Guests are encouraged to dress as if it was the 1930s. They can drive their old cars there, too. When you walk into the red-brick architecturally significant building, the first thing you see are the words "1934" inscribed on a large painting by artist Pete Hurley (he's really good at capturing moods of certain times and places). Waiters, bartenders, chefs, and various guests are all dressed as if they were really living in 1934.
Drinks are served at the desk in the rear where miscreants and poor devils simply accused of wrongdoing, were booked. Enlarged old booking cards showing crimes they are accused of cover the walls. Bartenders push drinks popular in the era: Sidecars, Gin Fizz, Pink Ladys, Sazeracs.
Dinner guests wander down the long eerie hallway to the old jail, where they are surprised to see human beings locked up in several of the cells. A 1934 policeman patrols the hallway. Robert G. Estill, the prosecuting attorney, talks about the state-of-the-art construction and how it is virtually impossible to escape this jail. He describes bringing Dillinger back from Arizona where he was captured.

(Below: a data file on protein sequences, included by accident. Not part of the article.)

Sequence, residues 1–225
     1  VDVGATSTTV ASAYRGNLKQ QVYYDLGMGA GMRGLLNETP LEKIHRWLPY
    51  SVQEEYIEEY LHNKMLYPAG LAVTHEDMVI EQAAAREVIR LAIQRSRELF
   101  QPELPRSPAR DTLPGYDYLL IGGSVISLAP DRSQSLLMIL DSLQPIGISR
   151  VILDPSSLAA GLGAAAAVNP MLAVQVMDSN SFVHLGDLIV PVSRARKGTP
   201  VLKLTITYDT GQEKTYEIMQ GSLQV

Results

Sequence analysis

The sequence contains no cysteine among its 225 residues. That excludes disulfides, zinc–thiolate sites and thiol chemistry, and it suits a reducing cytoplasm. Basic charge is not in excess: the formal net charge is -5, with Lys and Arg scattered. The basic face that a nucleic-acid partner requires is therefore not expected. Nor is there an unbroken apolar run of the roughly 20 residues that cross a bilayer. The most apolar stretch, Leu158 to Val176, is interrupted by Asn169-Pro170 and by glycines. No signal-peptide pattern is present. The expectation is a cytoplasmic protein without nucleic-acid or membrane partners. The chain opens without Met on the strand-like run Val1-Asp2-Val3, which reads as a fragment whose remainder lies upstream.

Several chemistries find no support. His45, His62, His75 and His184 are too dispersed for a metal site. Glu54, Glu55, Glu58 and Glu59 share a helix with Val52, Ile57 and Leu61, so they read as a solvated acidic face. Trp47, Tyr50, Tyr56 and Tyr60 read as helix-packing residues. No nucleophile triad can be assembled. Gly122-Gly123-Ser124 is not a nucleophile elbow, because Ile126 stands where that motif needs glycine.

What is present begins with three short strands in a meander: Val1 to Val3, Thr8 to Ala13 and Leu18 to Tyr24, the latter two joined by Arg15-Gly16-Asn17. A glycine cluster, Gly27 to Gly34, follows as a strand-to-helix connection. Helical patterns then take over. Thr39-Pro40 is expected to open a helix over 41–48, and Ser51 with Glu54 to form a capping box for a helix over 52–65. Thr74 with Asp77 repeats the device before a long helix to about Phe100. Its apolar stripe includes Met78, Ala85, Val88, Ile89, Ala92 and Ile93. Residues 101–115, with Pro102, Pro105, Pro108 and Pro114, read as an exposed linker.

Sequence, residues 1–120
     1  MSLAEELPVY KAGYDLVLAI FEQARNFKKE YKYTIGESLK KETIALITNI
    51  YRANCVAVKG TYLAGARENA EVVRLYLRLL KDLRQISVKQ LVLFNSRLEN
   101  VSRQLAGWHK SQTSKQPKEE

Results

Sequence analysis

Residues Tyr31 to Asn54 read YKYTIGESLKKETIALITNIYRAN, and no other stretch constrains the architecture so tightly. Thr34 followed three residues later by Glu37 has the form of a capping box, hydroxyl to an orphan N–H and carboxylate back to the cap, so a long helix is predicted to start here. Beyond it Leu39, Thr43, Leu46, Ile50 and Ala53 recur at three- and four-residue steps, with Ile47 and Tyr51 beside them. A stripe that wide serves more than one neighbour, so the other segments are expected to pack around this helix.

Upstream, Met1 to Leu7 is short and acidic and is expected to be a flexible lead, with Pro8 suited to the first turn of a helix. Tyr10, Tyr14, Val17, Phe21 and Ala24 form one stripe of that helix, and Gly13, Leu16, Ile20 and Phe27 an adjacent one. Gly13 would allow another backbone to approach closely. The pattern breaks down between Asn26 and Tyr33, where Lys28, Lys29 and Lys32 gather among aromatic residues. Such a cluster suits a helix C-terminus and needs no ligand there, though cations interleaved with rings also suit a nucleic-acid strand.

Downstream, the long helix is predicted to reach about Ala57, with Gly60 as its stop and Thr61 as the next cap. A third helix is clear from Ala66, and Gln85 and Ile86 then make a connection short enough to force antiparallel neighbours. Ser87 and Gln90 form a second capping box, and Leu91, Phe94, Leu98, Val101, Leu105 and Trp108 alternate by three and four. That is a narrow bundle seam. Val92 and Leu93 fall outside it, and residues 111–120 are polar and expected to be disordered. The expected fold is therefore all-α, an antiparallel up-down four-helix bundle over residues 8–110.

Sheriff Holley describes how her husband, a Democrat, was asked to run in a Republican district, and he won. She doesn't like living in the sheriff's house with her twin daughters very much at all—with up to 100 prisoners in the back. And now with John Dillinger there, the place is crawling with all kinds of law enforcement. Not fun.
As they linger with wine and cocktails, guests overhear "The Professor" describe to his cellmate, a Woman of Dubious Virtue, a bit of the history of the jail. (It was built in 1898 and additions were completed six years ago, in 1928, so it can now house nearly 100 souls.) He talks about the Second Empire design, the elegant French-inspired Mansard roofs.
The policeman stops to whisper to a couple of cellies at the end of the row. One of them is a fairly good-looking, middle-aged, gangster-type with a small moustache. He brags about the various banks he's robbed including New Castle, Daleville, Bluffton, Montpelier—and how he already broke out of a couple of other jails. "A jail's like a worm in a nut," he says, "The worm can always get out."